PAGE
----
Community Psychology Training in Canada in the New Millennium

By Aubry, Tim; Sylvestre, John et al. | Canadian Psychology, May 2010 | Go to article overview

Community Psychology Training in Canada in the New Millennium


Aubry, Tim, Sylvestre, John, Ecker, John, Canadian Psychology


Ten years ago, Walsh-Bowers (1998) described in Canadian Psychology the marginalized status of community psychology in Canada. The purpose of this research was to investigate the current status of community psychology training in Canadian universities. The online calendars for undergraduate and graduate programs in departments of psychology in Canadian universities were reviewed for course offerings in community psychology. Subsequently, an e-mail survey of program directors was conducted to confirm and extend the findings of the online search. Results were compared with those of similar previous surveys conducted in 1980-1981 (Nelson & Tefft, 1982) and 1992-1994 (Walsh-Bowers, 1998). Findings show a small amount of growth in community psychology training at the undergraduate level since the last survey in 1992-1994, with more courses available in more Canadian psychology departments. There are also marginally more graduate courses in community psychology offered now than 15 years ago, but these are located in fewer psychology departments. Findings are discussed in the context of contemporary professional psychology and future directions for growing community psychology.

Keywords: Canadian psychology, community psychology, training

Community psychology occupies a rather unique place in the field of psychology. It adopts many of the methods, practises, and concerns of other areas of psychology, such as clinical and social psychology, and seeks greater institutional recognition and security within the psychology family. Nonetheless, community psychology was born of disaffection with mainstream experimental and clinical psychology, and while developing its own theory and research base, it has also advanced an explicit critique of mainstream psychology. Always marginal within the field of psychology, there has been ongoing concern for its ability to gain a secure foothold in the psychological establishment, particularly in terms of its ability to grow through the education and training of future generations of scholars and practitioners.

In the two previous decades, national surveys were conducted describing the status of education and training in Canadian universities (Nelson & Tefft, 1982; Walsh-Bowers, 1998). This article updates these surveys by examining the current status of education and training of community psychology in Canada. We begin by first defining community psychology and providing a brief overview of its history in Canada. Then, we examine community psychology's status in the context of Canadian psychology. Following a presentation of findings from our survey, we discuss their implications for further strengthening training in community psychology in Canada.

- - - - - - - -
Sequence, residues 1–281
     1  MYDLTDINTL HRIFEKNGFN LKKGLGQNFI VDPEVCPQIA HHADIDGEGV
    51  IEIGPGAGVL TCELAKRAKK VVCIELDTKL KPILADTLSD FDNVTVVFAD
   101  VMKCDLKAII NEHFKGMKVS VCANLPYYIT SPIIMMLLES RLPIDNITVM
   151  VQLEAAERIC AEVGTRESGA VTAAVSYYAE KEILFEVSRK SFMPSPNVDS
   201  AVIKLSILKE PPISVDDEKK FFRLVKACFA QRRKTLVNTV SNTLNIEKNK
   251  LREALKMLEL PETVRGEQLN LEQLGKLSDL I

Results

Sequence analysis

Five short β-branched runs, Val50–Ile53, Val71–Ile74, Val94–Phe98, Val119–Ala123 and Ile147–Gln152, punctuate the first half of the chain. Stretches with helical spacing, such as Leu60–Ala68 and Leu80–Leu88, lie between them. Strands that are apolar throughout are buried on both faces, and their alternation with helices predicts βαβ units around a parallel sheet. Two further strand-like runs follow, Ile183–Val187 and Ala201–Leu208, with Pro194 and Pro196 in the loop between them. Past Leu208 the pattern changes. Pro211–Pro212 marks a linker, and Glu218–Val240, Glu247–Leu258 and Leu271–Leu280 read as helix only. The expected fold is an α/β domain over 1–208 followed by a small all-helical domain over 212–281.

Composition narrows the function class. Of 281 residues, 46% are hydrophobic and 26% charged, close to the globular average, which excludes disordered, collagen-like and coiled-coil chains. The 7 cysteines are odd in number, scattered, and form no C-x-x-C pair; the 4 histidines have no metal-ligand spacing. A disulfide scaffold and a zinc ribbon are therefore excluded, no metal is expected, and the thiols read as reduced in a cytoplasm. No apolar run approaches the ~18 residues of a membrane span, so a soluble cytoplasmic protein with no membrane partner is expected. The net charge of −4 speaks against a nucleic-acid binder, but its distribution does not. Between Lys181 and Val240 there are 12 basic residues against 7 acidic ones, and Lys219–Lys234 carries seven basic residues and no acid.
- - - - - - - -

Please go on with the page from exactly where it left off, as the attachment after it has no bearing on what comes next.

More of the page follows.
The article reflects multiple perspectives that include those of a midcareer academic (Aubry) trained in clinical and community psychology, an early career academic (Sylvestre) trained in applied social and community psychology, and a doctoral student (Ecker) specialising in community mental health and community psychology. All of us share an interest in developing training in community psychology in our home department and elsewhere across Canada.

Definition of Community Psychology

Although numerous definitions of community psychology exist, most touch on one or more of these three themes: values, research, and action or intervention (Nelson & Prilleltensky, 2005). Nelson and Prilleltensky (2005) have included these themes in their definition of community psychology as

the subdiscipline of psychology that is concerned with understanding people in the context of their communities, the prevention of problems of living, the celebration of human diversity, and the pursuit of social justice through social action, (p. 22)

In terms of values, community psychology involves research and intervention that are focused on improving the living conditions of marginalized people. In this vein, Nelson and Prilleltensky (2005) have advocated an explicit focus on community psychology values in the pursuit of liberation by addressing oppression and promoting well-being. …

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